Extension Agent: Food safety when eating out

By Brenda Anderson
June 25, 2013 at 1:25 a.m.

While it is almost always healthier to make foods at home, where you know exactly what is going into your meals and how they were prepared, there are times when your family may want to eat out. Dining out can be a fun treat - but not if it makes you sick.

One out of every six people will get sick from the food they eat this year. Everyone is at risk of getting a foodborne illness, but infants, children under age 5, pregnant women, adults over age 60, people with weak immune systems and people with chronic diseases such as diabetes are at a higher risk of getting a foodborne illness.

Many cases of foodborne illness are linked to foods prepared outside of the home. According to research, the major factors behind these outbreaks are poor personal hygiene of employees, food not cooked to or kept at correct temperatures and cross-contamination. So, how can you prevent foodborne illness when dining out?

Know your restaurant and check the cleanliness of the tables, chairs, floors and bathrooms. Look around for roaches, flies and rodents, which can carry diseases that cause foodborne illnesses. Observe employees to see if they follow good personal hygiene. If available, take a look at posted inspection report results.

Know your food and how it should be prepared. Avoid eating foods with risky or undercooked ingredients and always check your food when it arrives.

Hot foods should be steaming hot, and cold foods should be cold. If your food is not prepared like it should be, send it back. It is not worth getting sick over.

If you have a choice, order off of a menu instead of eating from a buffet. Individually prepared meals should be fresher than food that has been sitting out on a steam table. If you do choose to eat from a buffet, try to go during the busier times of day when foods are replaced more often.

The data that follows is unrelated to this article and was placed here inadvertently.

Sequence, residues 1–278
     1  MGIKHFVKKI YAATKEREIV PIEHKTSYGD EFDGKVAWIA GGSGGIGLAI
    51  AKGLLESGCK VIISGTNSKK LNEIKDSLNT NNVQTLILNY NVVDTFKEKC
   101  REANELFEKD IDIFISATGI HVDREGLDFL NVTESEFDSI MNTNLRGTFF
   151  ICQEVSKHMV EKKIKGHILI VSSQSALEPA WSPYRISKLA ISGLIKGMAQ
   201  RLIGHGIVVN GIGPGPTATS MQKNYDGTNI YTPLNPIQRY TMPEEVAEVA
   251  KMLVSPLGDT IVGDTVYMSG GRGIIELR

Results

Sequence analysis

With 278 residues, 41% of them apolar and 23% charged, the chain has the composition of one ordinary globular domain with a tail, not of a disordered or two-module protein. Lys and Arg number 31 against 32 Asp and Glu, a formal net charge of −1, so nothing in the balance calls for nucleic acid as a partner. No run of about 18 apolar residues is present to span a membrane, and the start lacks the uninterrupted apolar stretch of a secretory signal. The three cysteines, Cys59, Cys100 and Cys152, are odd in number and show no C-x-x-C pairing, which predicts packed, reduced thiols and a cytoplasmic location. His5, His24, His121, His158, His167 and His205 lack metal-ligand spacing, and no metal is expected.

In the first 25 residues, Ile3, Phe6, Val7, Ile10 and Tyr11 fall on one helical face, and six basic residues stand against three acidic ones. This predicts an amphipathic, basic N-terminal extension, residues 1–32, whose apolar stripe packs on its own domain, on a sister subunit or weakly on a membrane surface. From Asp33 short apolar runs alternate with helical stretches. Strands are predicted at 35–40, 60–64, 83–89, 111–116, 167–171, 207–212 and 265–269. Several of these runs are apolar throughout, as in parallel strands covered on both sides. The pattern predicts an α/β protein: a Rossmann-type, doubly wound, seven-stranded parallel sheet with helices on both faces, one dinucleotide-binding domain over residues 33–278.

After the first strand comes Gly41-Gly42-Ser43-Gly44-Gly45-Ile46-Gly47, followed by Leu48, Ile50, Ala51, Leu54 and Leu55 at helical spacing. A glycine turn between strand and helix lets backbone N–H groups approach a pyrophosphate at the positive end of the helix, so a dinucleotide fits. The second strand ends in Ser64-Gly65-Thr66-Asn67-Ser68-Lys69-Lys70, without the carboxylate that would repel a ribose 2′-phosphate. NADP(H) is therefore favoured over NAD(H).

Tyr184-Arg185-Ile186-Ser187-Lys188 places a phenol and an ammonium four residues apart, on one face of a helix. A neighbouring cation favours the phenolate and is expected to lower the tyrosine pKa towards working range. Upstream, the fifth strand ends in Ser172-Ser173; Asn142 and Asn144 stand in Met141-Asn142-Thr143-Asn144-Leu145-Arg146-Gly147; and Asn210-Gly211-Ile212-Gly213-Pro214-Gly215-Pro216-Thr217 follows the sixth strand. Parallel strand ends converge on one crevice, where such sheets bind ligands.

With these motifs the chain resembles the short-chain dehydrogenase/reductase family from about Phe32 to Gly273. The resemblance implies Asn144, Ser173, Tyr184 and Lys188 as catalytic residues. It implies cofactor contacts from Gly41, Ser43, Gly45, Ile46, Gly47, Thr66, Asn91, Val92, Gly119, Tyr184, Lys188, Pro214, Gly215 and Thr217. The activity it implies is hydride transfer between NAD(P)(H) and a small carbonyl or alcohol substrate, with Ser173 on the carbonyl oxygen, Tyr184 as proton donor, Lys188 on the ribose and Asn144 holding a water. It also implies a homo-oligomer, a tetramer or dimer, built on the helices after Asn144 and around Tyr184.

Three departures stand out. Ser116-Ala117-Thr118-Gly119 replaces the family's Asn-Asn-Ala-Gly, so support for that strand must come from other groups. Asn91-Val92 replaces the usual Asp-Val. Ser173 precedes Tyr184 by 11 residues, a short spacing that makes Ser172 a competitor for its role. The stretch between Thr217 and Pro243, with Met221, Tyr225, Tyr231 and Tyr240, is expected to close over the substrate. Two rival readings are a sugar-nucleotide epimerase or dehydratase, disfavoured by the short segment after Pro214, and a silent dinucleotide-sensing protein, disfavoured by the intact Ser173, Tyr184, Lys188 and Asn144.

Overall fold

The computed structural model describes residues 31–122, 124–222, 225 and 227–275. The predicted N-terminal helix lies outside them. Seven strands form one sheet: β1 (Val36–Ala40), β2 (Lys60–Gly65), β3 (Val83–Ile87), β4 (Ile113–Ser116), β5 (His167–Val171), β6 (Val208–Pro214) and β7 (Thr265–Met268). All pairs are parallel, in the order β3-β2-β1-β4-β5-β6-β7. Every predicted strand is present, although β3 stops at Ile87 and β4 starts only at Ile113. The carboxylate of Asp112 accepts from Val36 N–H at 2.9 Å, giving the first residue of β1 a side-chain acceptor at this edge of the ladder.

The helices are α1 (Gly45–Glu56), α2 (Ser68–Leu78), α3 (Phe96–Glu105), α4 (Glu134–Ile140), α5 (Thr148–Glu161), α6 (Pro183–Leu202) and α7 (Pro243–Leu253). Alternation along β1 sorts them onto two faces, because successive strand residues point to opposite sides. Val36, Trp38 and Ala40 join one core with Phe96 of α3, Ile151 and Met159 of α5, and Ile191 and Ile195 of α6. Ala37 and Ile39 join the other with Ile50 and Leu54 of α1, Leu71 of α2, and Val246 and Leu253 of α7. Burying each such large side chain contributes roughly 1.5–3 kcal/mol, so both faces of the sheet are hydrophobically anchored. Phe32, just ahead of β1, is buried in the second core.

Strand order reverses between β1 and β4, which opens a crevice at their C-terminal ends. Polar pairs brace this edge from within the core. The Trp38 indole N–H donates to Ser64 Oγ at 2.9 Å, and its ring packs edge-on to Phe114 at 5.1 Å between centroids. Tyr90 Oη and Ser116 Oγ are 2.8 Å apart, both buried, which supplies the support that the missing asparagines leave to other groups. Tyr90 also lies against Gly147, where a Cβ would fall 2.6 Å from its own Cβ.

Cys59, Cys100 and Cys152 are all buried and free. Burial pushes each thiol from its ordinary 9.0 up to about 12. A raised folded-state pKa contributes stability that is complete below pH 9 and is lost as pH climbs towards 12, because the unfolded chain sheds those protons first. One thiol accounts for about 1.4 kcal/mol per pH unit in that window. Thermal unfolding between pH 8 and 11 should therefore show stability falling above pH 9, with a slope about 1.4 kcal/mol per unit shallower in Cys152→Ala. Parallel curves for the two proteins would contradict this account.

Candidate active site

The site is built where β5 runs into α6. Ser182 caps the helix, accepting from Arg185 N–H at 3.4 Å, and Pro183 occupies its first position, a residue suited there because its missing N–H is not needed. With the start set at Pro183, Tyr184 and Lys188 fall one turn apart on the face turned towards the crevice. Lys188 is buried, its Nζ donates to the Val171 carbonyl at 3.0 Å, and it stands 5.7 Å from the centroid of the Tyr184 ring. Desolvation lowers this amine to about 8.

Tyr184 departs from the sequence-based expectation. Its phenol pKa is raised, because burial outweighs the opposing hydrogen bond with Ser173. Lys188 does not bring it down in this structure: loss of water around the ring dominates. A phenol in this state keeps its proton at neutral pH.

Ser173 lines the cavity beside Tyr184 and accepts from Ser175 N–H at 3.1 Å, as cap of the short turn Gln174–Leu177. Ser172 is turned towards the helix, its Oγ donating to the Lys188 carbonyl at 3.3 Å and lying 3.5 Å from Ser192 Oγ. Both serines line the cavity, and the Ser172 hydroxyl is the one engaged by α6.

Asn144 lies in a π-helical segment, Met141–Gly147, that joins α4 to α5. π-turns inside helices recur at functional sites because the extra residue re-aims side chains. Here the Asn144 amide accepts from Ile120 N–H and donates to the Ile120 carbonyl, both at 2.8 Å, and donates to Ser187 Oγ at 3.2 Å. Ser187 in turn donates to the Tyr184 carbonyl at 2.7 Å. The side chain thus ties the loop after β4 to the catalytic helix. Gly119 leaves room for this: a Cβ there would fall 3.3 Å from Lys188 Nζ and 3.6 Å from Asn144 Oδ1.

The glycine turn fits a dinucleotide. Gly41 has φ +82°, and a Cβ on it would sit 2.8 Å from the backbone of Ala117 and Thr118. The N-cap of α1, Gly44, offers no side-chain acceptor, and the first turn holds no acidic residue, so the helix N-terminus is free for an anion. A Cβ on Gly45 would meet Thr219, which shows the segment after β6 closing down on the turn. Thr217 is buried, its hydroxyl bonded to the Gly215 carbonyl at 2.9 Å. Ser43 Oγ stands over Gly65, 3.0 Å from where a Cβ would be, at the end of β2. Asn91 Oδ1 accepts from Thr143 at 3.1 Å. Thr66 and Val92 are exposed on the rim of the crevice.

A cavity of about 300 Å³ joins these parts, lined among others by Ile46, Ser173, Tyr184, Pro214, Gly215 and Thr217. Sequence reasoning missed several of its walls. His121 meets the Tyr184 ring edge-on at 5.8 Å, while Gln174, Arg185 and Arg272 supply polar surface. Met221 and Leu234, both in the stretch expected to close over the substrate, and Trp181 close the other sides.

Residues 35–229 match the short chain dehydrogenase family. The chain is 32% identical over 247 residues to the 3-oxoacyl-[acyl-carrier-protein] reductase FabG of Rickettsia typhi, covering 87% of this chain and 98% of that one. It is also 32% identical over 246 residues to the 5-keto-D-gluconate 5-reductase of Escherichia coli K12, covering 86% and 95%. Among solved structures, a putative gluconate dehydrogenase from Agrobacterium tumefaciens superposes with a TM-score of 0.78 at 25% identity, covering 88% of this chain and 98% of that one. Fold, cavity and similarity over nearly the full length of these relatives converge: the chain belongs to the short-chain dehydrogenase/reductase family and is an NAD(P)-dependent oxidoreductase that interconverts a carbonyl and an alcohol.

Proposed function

Handle leftovers safely. Leftovers need to be refrigerated or frozen within two hours of being served to you. Eat refrigerated leftovers within two or three days. Frozen leftovers can be kept longer, but they should be used sooner than later for best quality.

Reheat leftovers to an internal temperature of 165 degrees, (always check with a food thermometer) and soups, gravies and sauces should be brought to a boil.

For microwave reheating, cover the food while cooking and then let stand for a couple of minutes after cooking so that the heat is distributed throughout the food. And when in doubt, throw leftovers out.

If you have symptoms of a foodborne illness (diarrhea, nausea, vomiting), getting plenty of rest and fluids usually helps. However, if vomiting lasts longer than a day, if there are signs of dehydration or if you have vision or breathing difficulties, get medical help immediately.

Observe these tips for safer and healthier dining out.

Resource: "Don't Get Bugged From Foodborne Illness" curricula from Texas A&M AgriLife Extension Service Better Living for Texans program.

Brenda Anderson is a Victoria County extension assistant.



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